TrunkSpace: You mentioned that fans were still trying to figure Curtis out and connect with him. Were you comfortable stepping into this world where people are already so attached to these characters as lifelong fans and as such… particularly in the social media age… aren’t afraid to speak their minds?
Kellum: Oh yeah. They’re my people. (Laughter) I know how they can be. I think when it all boils down to it, mostly everything you see is positivity. When you’re fortunate enough to be in a position that any of us are in while in this industry to work on a hit show or a show that people are passionate about, you’re going to get both ends of the spectrum from everyone. It’s just how it works. And if we weren’t in that position we’d be getting zero ends of the spectrum from no one. You just have to be thankful that you’re working out there and living your dream, doing the best you can, and getting paid pretty good to do it. So for me, it’s definitely a thing where you’ve got to take it all in and be thankful for the good love that’s coming in and learn from the negativity that’s coming in and just keep pushing forward.

TrunkSpace: Is there anything in your life, either growing up or now, where you could relate to that passionate comic book fanbase? Is there something that you were drawn to in that same passionate way?
Kellum: For me, definitely anything in the X-Men realm as far as comics go, but really it was video games. For me, video games were my life saver. Video games were the things that I geeked out the most about as a fanboy. I was definitely tough when they would make different adaptations of video games to movies. I’d be like, “What the heck… why isn’t this great?” (Laughter) So I can definitely understand some of the hate. If I would have had Twitter then, I might have let a couple of actors know it. (Laughter)

So I can definitely understand the passion, but the thing is, if you don’t have passionate people about it, it’s not a popular project and you’re probably going to be canceled.

TrunkSpace: What’s so cool about video games today is that it’s now an accepted medium for established actors to voice characters in that world. Is that something you’ve dipped your professional fanboy toy in the water of yet?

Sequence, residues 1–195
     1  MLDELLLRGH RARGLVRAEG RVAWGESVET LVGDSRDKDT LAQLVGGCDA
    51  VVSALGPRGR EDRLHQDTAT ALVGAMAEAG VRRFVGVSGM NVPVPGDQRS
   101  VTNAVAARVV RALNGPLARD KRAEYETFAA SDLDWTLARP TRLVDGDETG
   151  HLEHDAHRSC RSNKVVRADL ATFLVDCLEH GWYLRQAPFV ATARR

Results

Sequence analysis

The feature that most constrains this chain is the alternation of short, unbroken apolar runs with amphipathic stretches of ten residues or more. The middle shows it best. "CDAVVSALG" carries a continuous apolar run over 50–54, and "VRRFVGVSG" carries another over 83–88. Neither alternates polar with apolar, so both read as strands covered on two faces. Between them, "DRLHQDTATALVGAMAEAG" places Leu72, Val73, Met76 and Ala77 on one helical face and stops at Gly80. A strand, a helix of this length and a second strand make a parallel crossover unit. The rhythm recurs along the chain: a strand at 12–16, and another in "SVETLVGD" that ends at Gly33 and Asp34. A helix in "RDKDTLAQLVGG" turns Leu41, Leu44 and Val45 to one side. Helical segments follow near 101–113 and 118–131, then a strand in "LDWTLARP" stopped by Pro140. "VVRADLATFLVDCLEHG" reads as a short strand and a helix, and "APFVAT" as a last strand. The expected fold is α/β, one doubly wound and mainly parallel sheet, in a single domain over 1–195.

Kellum: I have not had the opportunity to perform in a video game, but that’s definitely an aspiration. I would love to voice some video game characters. I definitely want to get into that.

TrunkSpace: You established yourself first in the industry as a comedian. That’s a medium where you write and perform your own material. Was it an adjustment delivering lines from other writers when you made the transition into acting?
Kellum: You know, honestly for me it wasn’t an adjustment because I’ve always considered myself an actor first and a comedian second. Acting was kind of something I just started doing when I was 5 years old in church plays, so I’ve always been saying people’s words. (Laughter) But when I got into comedy, it was like, “Oh, I can say my own stuff.” But it feels very normal and natural to be getting scripts and just going for it, but I also just love ripping and improvising and creating new stuff on it too. But I think I definitely kind of look at myself as an actor first.

TrunkSpace: So how much time do you still save for yourself on the writing/standup side? Are you still currently writing?
Kellum: I always write. I’ve never stopped writing standup material, even when I’ve taken a year or two off. I need to get back into it more… definitely something in the next year. I definitely want to be doing more shows, especially when I’m shooting in Vancouver. I want to be out there pushing the pavement and hitting up a lot of shows. But I never stop writing. I’m always writing. I’ve just got to perform more.

TrunkSpace: Do you think you’ll transition that writing skill set into television and film where you can develop projects for yourself?
Kellum: Oh yeah. Absolutely. I’m writing a feature right now that I hope to shoot next spring when we wrap season 6.